I am a member of the Board of Directors of LMUD, and we are on record as favoring what I have written herein. But this letter is from me, not from them. As far as I can tell, the city has not become involved, but they should. With all the building going on, time is short. I understand the developer has the following application at the TCEQ for approval: Travis County MUD #12 application for TLAP permit amendment/renewal.  Permit number is 0014534001.

    I hope this letter helps all of us.


    Jerry Hietpas

    A Messenger

    March, 2014

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    CITIZENS' PARTICIPATION SPEECH by Jerry Hietpas - April 21, 2014 Lakeway City Council Meeting


    (Jerry Hietpas gave this speech during the Citizens Participation portion as a non-agenda item during the April 21, 2014 Lakeway City Council meeting. He said he was a member of the LMUD board, but was speaking for himself, not for the board. The mayor commented Jerry had no way to know if the items he claimed had not been on a council meeting agenda actually were on an agenda, and a few other comments.)

    Mr. Mayor, Council members, and Staff:

      Thank you, volunteers, for serving our beloved community.


      Jack Smart wrote an article published in the April 10th edition of the Lake Travis View. If the paper was not duped, finally the city takeover of LMUD is on paper, sort of.  I first heard about the most recent run at LMUD while at an LCRA meeting protesting their water management plan. The President of District 17 said; "Jerry what is this I hear about your being taken over by the city?" He then surprised me by saying; "Our Lakeway City Manager had told the Burnett City Manager that he would soon take over LMUD." And now recent events are making it clearer and certain that the city is working on taking over LMUD. Go to my website for more particulars. It is  Scroll to the bottom of the menu along the left hand side to Lakeway MUD, and read about it.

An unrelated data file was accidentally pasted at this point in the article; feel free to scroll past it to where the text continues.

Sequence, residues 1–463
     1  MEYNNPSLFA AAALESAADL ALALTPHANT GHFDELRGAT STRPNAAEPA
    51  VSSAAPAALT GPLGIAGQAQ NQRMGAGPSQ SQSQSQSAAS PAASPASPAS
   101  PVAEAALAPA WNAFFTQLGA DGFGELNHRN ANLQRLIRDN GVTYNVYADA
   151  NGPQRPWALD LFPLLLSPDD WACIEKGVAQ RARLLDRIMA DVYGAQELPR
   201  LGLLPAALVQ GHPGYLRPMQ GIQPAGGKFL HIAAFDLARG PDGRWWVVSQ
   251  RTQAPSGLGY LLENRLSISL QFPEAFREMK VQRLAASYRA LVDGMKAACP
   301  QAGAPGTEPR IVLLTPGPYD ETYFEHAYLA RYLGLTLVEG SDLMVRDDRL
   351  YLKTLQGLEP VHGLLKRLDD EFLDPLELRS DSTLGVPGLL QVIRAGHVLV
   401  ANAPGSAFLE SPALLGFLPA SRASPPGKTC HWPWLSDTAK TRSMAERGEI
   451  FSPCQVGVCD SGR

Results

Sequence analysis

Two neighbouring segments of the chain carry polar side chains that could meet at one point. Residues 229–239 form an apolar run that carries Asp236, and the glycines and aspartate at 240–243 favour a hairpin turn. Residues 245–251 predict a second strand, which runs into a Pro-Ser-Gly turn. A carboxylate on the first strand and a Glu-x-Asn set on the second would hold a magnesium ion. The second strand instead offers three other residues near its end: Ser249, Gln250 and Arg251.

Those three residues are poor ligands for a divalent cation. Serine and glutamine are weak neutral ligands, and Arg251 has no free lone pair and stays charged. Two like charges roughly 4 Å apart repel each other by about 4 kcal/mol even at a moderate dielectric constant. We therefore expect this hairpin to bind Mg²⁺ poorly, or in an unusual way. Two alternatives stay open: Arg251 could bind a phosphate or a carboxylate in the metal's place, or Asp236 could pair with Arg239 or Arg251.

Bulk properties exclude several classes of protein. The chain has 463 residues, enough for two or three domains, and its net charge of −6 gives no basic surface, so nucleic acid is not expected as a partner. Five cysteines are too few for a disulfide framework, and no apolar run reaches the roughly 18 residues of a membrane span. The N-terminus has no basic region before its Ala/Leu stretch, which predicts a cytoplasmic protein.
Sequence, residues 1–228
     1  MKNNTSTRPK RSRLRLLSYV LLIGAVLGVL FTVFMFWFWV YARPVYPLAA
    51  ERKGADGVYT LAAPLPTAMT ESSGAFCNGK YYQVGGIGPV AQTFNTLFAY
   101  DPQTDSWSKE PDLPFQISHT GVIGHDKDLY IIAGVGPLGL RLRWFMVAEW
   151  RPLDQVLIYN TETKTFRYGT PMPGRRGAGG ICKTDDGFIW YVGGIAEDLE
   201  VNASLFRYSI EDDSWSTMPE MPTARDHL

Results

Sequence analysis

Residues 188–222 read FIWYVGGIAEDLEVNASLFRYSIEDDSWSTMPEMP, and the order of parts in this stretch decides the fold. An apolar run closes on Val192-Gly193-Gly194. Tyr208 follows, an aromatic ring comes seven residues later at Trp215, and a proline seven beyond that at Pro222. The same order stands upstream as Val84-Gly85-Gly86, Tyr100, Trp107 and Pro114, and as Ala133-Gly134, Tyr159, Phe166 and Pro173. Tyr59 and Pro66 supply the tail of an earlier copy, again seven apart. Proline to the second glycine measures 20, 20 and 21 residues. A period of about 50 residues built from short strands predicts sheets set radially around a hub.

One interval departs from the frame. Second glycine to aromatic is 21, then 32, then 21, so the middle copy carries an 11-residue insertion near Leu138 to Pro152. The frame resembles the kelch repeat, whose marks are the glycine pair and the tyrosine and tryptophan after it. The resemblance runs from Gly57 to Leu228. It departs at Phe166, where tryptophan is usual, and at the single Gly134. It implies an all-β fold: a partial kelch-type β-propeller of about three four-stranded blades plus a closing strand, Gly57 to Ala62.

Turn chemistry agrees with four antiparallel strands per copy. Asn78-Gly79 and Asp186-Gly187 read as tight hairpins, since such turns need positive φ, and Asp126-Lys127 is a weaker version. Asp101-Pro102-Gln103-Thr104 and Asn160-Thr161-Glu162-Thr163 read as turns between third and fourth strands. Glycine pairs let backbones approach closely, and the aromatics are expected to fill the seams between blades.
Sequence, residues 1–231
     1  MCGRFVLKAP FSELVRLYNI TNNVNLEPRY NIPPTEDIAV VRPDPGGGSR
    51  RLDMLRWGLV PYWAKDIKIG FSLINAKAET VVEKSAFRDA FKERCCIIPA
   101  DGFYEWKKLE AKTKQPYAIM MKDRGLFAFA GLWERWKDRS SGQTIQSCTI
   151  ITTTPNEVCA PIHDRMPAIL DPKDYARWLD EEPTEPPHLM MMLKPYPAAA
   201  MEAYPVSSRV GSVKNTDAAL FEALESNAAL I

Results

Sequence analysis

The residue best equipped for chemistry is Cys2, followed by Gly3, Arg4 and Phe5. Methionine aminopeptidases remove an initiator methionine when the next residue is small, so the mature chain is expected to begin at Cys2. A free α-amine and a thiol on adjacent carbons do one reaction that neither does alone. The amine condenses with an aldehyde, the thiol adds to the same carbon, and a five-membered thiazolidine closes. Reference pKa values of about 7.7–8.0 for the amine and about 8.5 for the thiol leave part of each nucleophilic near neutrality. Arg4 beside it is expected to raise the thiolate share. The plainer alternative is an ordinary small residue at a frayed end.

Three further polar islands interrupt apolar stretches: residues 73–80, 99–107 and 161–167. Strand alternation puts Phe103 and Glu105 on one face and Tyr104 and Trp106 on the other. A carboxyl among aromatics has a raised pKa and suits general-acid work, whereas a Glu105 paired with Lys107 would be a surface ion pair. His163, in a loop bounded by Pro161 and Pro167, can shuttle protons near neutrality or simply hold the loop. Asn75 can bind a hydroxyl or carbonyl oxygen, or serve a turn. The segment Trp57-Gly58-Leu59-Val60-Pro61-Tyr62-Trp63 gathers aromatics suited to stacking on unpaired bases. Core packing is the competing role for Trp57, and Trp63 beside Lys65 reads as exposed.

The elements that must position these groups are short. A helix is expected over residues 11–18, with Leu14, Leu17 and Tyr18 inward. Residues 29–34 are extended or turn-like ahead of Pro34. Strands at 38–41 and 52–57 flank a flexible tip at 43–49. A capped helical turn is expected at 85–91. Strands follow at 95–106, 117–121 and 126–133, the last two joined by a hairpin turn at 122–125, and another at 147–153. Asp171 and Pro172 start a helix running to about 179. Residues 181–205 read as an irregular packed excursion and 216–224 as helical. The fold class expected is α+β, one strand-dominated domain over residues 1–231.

According to Jack Smart, and this just flabbergasted me, you are agreeing to take over a sewer system for which the developer has applied for a TCEQ permit that is even a worse design than what LMUD would not agree to. We told him no, abide by the 1998 Exclusionary Agreement, and do not cut corners.  Build a permanent system that fosters a regional system.


      This city contract, or taking over any MUD, or the city getting into the water and sewer business has never been on a City Council Meeting Agenda. It hides in the shadows. No discussion, no motion, nothing. This would be a game changer.


      I will now exclude you, Mr. Mayor, in my use of the term "Council".  Council, either you knew of the Contract, or of adding a new water and sewer city department with the attendant increase in budget and staff, or you did not know.  In the first instance, it appears you could only know by violating the "Open Meetings Act". On the other hand, if you were unaware, I ask this: Who is running the city, because it sure is not you, City Council.


      Please, when this same challenge was directed to me by then Mayor Steve Swann, it hit me hard at first, and did not feel any better when I realized he was right. But that personal challenge was a catalyst that changed LMUD to where now the State of Texas uses LMUD as a good example for governance. Ask yourself, for such a major change as adding water and sewer, do I understand the issues, how was I involved, and who is running this city?